Coconut Aminos1:1, adjust to taste
Liquid Aminos1:1, adjust to taste
Vegan Fish Sauce1:1
Fish BrothReduce to concentrate flavors, use 1:1, adjust to taste
Substitutes and Their Ratio to Fish Sauce

It’s important to note that these are general guidelines, and the ratios may vary depending on the recipe and individual taste preferences. As always, it’s best to taste as you go and adjust accordingly.

Substitutes For Fish Sauce: Try Them Today!

There are many alternatives to fish sauce that can give you the same delicious taste without any fish-based ingredients. Soy sauce, miso paste, hoisin sauce, and Worcestershire sauce are all great options to add a savory punch to your dishes. Experiment with these substitutes in classic recipes like pad Thai or Vietnamese spring rolls, or use them to add depth of flavor to marinades, dressings, and stir-fries.

Let’s have a look at the 12 alternatives.

1. Seaweed

Seaweed- one of the best fish sauce substitutes

Seaweed has a unique and subtle flavor that can make it an excellent substitute for fish sauce. Not only does seaweed provide the salty, umami flavor found in fish sauce, but it also offers additional nutritional benefits.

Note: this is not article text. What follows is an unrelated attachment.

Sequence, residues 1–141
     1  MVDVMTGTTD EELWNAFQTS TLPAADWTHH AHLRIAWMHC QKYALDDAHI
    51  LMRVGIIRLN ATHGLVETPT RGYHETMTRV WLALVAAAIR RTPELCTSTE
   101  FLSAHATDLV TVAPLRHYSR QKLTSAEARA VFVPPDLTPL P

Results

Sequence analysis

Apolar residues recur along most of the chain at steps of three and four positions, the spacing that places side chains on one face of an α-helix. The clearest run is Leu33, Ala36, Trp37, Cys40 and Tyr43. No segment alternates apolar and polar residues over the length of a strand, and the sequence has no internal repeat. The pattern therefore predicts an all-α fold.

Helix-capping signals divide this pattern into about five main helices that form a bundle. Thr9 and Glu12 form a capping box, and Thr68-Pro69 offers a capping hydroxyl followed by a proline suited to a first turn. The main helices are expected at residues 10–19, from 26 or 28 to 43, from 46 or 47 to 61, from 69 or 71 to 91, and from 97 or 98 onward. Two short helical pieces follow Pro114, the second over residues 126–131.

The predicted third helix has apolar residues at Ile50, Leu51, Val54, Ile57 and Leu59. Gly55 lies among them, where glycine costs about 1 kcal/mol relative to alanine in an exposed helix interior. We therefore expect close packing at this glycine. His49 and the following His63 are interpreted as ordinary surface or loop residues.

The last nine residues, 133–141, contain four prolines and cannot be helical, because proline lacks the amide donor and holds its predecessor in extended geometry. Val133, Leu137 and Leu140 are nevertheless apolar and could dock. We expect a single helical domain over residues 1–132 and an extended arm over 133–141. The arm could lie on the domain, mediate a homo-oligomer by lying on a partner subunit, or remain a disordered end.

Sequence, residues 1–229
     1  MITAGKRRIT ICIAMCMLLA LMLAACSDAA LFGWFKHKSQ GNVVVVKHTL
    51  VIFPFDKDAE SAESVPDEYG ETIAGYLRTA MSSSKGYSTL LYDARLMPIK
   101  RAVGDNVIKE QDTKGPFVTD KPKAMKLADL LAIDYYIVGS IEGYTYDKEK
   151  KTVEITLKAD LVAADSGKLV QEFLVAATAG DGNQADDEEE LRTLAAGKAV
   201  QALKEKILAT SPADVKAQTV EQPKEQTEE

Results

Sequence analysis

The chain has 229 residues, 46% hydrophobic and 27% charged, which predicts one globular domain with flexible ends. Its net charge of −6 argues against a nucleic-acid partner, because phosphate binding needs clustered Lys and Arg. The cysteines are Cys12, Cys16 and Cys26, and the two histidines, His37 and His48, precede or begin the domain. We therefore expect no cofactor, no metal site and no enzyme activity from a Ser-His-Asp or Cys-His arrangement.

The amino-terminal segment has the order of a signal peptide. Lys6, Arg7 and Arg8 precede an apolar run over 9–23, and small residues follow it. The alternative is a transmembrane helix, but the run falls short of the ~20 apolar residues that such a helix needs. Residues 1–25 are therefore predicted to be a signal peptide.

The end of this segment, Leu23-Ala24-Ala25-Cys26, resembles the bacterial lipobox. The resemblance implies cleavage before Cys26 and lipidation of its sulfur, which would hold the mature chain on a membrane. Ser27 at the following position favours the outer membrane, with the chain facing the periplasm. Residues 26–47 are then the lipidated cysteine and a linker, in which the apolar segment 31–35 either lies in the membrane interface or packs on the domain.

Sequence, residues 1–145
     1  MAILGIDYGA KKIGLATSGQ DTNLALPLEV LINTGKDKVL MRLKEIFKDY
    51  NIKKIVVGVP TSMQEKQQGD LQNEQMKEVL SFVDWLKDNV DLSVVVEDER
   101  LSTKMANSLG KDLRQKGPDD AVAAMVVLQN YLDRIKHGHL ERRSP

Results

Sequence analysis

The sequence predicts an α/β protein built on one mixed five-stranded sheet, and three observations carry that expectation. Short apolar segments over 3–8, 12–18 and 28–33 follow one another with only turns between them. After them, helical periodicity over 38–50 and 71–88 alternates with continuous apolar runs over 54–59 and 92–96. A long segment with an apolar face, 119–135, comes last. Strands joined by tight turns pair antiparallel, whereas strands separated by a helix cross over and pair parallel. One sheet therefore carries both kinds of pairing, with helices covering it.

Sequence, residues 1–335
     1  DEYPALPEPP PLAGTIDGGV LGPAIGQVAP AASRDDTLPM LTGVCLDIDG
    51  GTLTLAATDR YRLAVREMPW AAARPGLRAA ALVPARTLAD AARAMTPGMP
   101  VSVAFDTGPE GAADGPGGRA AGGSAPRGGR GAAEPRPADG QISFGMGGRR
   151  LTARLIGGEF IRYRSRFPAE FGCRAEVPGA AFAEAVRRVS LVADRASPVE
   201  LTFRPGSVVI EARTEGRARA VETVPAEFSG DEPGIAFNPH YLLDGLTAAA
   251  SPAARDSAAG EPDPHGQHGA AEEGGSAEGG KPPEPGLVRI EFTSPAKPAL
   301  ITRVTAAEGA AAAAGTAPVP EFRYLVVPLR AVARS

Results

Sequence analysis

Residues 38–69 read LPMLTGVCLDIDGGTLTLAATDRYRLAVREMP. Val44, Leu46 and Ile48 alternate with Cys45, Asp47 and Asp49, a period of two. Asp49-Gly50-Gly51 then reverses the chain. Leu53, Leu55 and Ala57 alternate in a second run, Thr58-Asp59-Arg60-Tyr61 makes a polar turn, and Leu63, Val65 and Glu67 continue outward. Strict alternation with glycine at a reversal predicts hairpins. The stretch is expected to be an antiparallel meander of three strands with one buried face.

Seaweed is high in antioxidants such as vitamins A, C, and E. It’s also packed with essential minerals like iodine, magnesium, iron, and calcium which are beneficial for overall health. Plus, seaweed is low in calories; just one tablespoon contains around 10 calories!

Seaweed can be used as a substitute for fish sauce because of its potent umami flavor. Umami is part of our five tastes (sweet, salt, sour bitter) and is often described as savory or meaty flavors from glutamate-rich foods like Parmesan cheese or mushrooms. Adding just a little bit of seaweed to dishes can help balance out the sweetness by providing more complexity to the dish’s taste profile – making it ideal to use in lieu of fish sauce if you’re looking for a vegetarian alternative.

For seaweed, you may need to experiment with different amounts, starting with a small piece or a teaspoon of powdered seaweed, and adjusting according to taste.

2. Worcestershire Sauce

Worcestershire sauce in a bowl

Worcestershire sauce is a popular condiment with many uses in the kitchen and can be used to replace fish sauce in recipes. While both sauces have a salty and sometimes sweet flavor, they differ significantly in their ingredients.